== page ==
Saturday, March 06, 2010

Building a Top Bar Hive

We didn't quite  make it to Northfield.  We live in Dundas, the next community south.   We have three acres, surrounded by farmland, with a full size red barn, and two other outbuildings.  We plan to put the studio in the ground floor of the barn, with one of the outbuildings as our kiln room.

I'm starting to build a top bar beehive today.  I've wanted to get into bee keeping for a number of years, but have never had the space until now.  Julie has bought me a number of books over the years.  Top bar hives are easy to build on a budget.  Extracting the honey from comb is a little trickier, since the comb is not as uniform as that from a Langsthroth stacked hive, but I can build a honey press.

I bought some red cedar lumber yesterday, and will spend this morning cutting boards to length, and then gluing them together.  The plans call for twelve inch wide wood, but recommends buying narrow lumber, and then gluing the boards edge to edge. 

A twelve inch by one inch  board measures eleven inches by three quarters of an inch.  It may have measured twelve by one at some point in the milling process, or maybe fifty years ago it would have measured that at some point in the milling process, but what I have available is eleven by three quarters.  Buying two six by ones and gluing them together doesn't get you much farther, because a six by one measures five and a half by three quarters.  Two together give eleven inches, and gluing a third board on to get the extra inch seems excessive when I am on a budget.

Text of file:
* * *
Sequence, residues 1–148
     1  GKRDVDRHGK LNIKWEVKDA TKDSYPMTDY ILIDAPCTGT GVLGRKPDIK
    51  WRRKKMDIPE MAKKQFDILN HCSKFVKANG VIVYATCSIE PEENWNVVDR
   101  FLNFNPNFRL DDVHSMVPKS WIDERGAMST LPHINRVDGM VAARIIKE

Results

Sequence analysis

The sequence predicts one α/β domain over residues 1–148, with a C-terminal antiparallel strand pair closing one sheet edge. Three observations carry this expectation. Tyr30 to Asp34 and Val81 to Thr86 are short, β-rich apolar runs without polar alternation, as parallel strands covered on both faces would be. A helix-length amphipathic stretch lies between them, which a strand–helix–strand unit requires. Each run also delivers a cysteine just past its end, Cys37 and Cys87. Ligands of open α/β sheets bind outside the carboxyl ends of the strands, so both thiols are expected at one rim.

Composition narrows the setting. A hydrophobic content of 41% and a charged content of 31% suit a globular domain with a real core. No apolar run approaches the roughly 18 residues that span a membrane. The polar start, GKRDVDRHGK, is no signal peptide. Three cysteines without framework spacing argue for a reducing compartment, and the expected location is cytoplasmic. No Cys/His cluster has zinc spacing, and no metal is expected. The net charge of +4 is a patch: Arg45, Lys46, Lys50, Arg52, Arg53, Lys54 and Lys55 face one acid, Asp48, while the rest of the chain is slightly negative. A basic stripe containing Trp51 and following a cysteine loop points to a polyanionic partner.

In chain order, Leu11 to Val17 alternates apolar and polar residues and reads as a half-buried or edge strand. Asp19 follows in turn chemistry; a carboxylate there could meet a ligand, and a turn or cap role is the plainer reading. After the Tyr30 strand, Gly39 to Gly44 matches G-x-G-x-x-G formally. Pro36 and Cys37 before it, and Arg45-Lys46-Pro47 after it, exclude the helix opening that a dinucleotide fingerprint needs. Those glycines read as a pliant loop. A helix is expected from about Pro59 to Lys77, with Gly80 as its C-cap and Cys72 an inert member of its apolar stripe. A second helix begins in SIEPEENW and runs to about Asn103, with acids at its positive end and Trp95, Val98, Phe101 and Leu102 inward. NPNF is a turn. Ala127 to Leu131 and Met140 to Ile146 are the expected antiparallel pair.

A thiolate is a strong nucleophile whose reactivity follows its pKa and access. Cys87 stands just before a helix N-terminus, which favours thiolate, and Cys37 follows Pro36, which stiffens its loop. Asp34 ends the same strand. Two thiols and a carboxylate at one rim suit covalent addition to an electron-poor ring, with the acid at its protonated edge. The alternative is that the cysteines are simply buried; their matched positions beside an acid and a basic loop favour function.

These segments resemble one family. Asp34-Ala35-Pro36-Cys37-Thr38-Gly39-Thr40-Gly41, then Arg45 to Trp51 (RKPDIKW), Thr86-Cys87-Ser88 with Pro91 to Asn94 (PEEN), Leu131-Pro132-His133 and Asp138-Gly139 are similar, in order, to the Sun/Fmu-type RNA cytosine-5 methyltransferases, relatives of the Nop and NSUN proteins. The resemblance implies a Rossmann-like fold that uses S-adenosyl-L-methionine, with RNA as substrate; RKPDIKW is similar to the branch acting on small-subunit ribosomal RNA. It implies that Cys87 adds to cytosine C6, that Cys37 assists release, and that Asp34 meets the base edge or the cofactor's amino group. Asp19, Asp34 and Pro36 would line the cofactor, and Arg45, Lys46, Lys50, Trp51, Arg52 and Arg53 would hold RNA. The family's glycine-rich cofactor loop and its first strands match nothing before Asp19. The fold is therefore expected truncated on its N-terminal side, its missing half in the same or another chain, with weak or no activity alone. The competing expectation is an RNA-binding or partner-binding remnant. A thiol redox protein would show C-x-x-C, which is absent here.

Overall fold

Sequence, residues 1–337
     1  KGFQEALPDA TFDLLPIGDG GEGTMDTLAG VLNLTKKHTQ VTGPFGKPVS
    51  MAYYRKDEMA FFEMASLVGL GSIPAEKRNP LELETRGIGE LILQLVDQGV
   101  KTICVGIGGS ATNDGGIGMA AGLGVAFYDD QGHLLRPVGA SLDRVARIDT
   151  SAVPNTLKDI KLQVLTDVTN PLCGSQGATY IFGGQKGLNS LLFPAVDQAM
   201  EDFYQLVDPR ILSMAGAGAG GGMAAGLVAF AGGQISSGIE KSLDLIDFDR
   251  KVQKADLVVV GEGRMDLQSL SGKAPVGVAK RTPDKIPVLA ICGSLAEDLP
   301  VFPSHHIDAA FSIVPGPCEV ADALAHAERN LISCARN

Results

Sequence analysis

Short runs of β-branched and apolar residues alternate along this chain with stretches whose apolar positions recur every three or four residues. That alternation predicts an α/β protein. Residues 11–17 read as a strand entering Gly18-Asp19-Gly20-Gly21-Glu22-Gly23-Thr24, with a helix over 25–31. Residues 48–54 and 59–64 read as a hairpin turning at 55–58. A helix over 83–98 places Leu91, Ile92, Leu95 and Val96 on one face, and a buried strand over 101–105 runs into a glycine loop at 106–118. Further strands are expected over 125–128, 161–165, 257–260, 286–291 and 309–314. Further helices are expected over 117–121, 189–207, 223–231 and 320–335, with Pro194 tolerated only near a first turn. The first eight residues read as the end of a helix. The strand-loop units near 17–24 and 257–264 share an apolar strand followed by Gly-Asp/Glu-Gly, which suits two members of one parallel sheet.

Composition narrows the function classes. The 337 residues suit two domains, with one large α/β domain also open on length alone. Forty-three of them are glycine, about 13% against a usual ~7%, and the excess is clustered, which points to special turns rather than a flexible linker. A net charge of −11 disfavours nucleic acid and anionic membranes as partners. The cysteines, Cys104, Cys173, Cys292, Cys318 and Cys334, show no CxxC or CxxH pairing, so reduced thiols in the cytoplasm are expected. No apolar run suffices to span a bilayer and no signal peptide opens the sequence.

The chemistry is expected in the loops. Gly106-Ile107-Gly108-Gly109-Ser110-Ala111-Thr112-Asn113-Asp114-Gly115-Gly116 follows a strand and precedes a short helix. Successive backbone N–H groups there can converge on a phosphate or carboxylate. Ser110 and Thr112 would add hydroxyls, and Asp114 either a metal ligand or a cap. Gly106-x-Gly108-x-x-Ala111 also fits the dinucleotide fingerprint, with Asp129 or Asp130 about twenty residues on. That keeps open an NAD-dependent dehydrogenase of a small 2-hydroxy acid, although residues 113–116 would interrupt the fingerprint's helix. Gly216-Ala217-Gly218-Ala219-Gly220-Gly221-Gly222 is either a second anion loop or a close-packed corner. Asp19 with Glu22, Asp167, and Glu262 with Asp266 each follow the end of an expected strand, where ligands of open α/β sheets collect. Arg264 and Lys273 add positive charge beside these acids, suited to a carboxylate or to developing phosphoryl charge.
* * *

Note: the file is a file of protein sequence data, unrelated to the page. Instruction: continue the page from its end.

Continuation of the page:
My plan today is to tweek the design of the top bar hive a bit, so that my eleven inch lumber will work on the sides of the hive (effectively reducing the cross section of the hive to ninety-two percent of the original design).  The finished hive will be forty-eight inches long.


Blogger SquidgePa said...

Talked with Chris, our friend and hobby farm mentor, and just ordered two pounds of Carniolan bees.

2:17 PM  

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